Brexit? A Christmas Election? It’s Enough To Make You Grind Your Teeth!
How times of increased stress and anxiety can cause problems for our oral health
It might be that you are revelling in the intricacies of the political world at the moment. It is probably more likely though that you are wishing that politicians would disappear from our TV screens, at least for a little while, to give us some breathing space.
Whatever your view, research has found that anxiety levels are on the increase at the moment, perhaps unsurprisingly.
Whether this has affected you or not, there is little doubt that stress is a much more significant issue in our lives than it was in the past. From Brexit to personal concerns, stress is on the rise, and with it comes a whole host of medical problems.
General and oral health
There is plenty of evidence to indicate that stress can contribute to medical issues such as heart disease. We will leave the discussion on that to those who are experts in that field though and concentrate on our own area of interest, oral health.
At the Synergy Clinic in Addlestone, whilst we are able to offer a large range of restorative dental treatments to repair damaged teeth, we believe in taking a more holistic and preventative approach where possible. Stress reduction can certainly help with this.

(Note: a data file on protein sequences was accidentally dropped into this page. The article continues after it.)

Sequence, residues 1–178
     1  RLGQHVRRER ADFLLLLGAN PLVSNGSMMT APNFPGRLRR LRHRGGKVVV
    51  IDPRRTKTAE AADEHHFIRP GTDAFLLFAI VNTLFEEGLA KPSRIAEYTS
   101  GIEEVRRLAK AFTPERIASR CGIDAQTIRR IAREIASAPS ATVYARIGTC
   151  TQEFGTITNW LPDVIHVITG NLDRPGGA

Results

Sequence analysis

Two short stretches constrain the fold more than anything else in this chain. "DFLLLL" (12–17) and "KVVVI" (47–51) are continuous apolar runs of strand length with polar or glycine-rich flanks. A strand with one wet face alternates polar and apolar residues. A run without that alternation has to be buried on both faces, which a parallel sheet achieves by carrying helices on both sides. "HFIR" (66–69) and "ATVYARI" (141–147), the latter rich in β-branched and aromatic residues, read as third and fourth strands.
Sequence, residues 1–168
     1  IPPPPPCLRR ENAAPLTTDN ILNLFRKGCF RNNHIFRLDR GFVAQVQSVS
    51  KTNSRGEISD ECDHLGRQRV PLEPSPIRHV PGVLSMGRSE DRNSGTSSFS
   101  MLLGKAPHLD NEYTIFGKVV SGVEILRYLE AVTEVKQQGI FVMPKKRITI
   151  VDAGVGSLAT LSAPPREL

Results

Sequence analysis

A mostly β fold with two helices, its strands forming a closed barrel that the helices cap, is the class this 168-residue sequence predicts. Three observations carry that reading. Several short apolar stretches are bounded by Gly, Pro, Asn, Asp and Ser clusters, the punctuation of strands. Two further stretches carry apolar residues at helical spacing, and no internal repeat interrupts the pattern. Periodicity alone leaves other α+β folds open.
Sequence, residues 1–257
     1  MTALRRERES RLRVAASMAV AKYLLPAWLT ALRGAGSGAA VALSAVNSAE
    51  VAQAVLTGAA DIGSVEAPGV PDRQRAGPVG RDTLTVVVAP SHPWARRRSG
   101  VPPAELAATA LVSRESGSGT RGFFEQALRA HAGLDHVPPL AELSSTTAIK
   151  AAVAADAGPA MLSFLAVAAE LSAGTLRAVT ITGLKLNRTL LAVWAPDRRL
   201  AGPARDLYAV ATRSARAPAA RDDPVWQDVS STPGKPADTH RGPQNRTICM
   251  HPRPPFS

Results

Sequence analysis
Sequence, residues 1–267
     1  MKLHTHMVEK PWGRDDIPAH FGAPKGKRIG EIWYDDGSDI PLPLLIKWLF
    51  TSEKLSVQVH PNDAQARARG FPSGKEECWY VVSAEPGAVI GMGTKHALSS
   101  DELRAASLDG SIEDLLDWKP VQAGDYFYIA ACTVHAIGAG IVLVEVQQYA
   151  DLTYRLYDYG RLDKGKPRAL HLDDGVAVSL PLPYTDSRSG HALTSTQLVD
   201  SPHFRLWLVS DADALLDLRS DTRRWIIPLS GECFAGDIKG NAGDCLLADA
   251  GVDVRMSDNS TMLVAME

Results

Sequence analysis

Impact of stress on our teeth
The most obviously damaging stress related habit is when we grind our teeth. We might consciously notice ourselves doing this as we watch the news on TV, but most tooth grinding occurs at night while we are asleep. This makes it especially difficult to control as we are not aware that we are doing it. Unfortunately there is no medical panacea to prevent this and whilst mouth guards can help to protect the teeth from damage, only addressing the root of the stress can really help to break this tooth damaging habit.
Another issue is that when we are stressed, many of us turn to other bad habits which can damage our teeth.
Smoking – Particularly recent ex-smokers are likely to take up the habit again. Once you have done this, it can be very difficult to stop again. As we know from previous blogs gum disease is more likely amongst smokers than those who don’t smoke. In addition to gum disease and potential tooth loss, oral cancers are more likely too.
‘Comfort’ eating – Being honest, who amongst us reaches for a salad when we are stressed? Far more likely is that many of us reach for the biscuits and cakes and food that is generally high in sugar content. We don’t think we really need to tell our Addlesone patients why this is a bad thing and that more fillings, and potentially extractions, are likely to follow if this habit is maintained.
Alcohol – Turning to drink has been a long held ‘tradition’ at times of stress. As most who have done this know though, this resolves nothing and can even create stress problems of its own. Gingivitis, bad breath and possible oral cancers are more likely if you drink too much alcohol, so please try to keep it in moderation.
Reducing stress levels
Reducing stress is easier said than done, especially if we are going through a personal crisis that is causing it. Whilst a certain level of stress is normal, and sometimes even essential, where stress levels are too high, we need to do what we can to reduce them.